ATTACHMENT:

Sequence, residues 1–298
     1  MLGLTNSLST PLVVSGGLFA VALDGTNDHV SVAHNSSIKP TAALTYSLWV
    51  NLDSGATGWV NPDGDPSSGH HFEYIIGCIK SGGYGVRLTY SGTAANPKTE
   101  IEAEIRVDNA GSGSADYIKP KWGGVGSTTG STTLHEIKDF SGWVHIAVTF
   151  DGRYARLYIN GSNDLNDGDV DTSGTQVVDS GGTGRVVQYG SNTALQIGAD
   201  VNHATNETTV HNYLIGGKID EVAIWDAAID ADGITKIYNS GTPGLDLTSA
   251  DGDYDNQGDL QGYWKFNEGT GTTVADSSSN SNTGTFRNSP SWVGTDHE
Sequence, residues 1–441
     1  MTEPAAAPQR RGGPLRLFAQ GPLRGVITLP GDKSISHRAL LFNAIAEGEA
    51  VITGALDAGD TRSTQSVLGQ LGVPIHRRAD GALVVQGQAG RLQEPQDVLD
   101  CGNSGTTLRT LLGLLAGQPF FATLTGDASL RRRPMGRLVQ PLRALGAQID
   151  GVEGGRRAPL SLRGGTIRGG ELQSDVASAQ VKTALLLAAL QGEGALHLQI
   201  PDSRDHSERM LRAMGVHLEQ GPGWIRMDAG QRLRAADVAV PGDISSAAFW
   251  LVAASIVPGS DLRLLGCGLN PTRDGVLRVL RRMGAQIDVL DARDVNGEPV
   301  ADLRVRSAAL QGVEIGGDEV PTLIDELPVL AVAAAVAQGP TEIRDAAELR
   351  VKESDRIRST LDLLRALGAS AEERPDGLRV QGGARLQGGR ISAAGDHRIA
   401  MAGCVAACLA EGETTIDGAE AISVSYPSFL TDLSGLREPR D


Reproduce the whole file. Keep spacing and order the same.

Sequence, residues 1–298
     1  MLGLTNSLST PLVVSGGLFA VALDGTNDHV SVAHNSSIKP TAALTYSLWV
    51  NLDSGATGWV NPDGDPSSGH HFEYIIGCIK SGGYGVRLTY SGTAANPKTE
   101  IEAEIRVDNA GSGSADYIKP KWGGVGSTTG STTLHEIKDF SGWVHIAVTF
   151  DGRYARLYIN GSNDLNDGDV DTSGTQVVDS GGTGRVVQYG SNTALQIGAD
   201  VNHATNETTV HNYLIGGKID EVAIWDAAID ADGITKIYNS GTPGLDLTSA
   251  DGDYDNQGDL QGYWKFNEGT GTTVADSSSN SNTGTFRNSP SWVGTDHE
Sequence, residues 1–441
     1  MTEPAAAPQR RGGPLRLFAQ GPLRGVITLP GDKSISHRAL LFNAIAEGEA
    51  VITGALDAGD TRSTQSVLGQ LGVPIHRRAD GALVVQGQAG RLQEPQDVLD
   101  CGNSGTTLRT LLGLLAGQPF FATLTGDASL RRRPMGRLVQ PLRALGAQID
   151  GVEGGRRAPL SLRGGTIRGG ELQSDVASAQ VKTALLLAAL QGEGALHLQI
   201  PDSRDHSERM LRAMGVHLEQ GPGWIRMDAG QRLRAADVAV PGDISSAAFW
   251  LVAASIVPGS DLRLLGCGLN PTRDGVLRVL RRMGAQIDVL DARDVNGEPV
   301  ADLRVRSAAL QGVEIGGDEV PTLIDELPVL AVAAAVAQGP TEIRDAAELR
   351  VKESDRIRST LDLLRALGAS AEERPDGLRV QGGARLQGGR ISAAGDHRIA
   401  MAGCVAACLA EGETTIDGAE AISVSYPSFL TDLSGLREPR D